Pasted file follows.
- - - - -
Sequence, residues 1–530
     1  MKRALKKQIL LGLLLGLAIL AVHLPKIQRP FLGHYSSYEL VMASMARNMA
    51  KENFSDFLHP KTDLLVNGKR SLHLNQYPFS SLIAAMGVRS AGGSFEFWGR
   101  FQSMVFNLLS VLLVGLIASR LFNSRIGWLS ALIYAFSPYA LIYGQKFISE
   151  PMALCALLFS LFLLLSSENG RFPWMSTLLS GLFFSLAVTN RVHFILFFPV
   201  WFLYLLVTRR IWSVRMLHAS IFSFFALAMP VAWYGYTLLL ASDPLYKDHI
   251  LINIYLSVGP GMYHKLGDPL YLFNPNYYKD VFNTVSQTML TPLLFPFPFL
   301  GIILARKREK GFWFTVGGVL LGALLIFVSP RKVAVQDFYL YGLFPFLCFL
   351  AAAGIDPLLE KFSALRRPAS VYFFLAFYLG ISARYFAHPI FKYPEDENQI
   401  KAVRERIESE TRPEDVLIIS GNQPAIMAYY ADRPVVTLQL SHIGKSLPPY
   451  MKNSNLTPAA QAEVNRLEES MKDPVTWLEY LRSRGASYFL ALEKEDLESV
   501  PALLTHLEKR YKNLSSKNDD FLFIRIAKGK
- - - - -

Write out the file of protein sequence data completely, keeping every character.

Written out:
Sequence, residues 1–530
     1  MKRALKKQIL LGLLLGLAIL AVHLPKIQRP FLGHYSSYEL VMASMARNMA
    51  KENFSDFLHP KTDLLVNGKR SLHLNQYPFS SLIAAMGVRS AGGSFEFWGR
   101  FQSMVFNLLS VLLVGLIASR LFNSRIGWLS ALIYAFSPYA LIYGQKFISE
   151  PMALCALLFS LFLLLSSENG RFPWMSTLLS GLFFSLAVTN RVHFILFFPV
   201  WFLYLLVTRR IWSVRMLHAS IFSFFALAMP VAWYGYTLLL ASDPLYKDHI
   251  LINIYLSVGP GMYHKLGDPL YLFNPNYYKD VFNTVSQTML TPLLFPFPFL
   301  GIILARKREK GFWFTVGGVL LGALLIFVSP RKVAVQDFYL YGLFPFLCFL
   351  AAAGIDPLLE KFSALRRPAS VYFFLAFYLG ISARYFAHPI FKYPEDENQI
   401  KAVRERIESE TRPEDVLIIS GNQPAIMAYY ADRPVVTLQL SHIGKSLPPY
   451  MKNSNLTPAA QAEVNRLEES MKDPVTWLEY LRSRGASYFL ALEKEDLESV
   501  PALLTHLEKR YKNLSSKNDD FLFIRIAKGK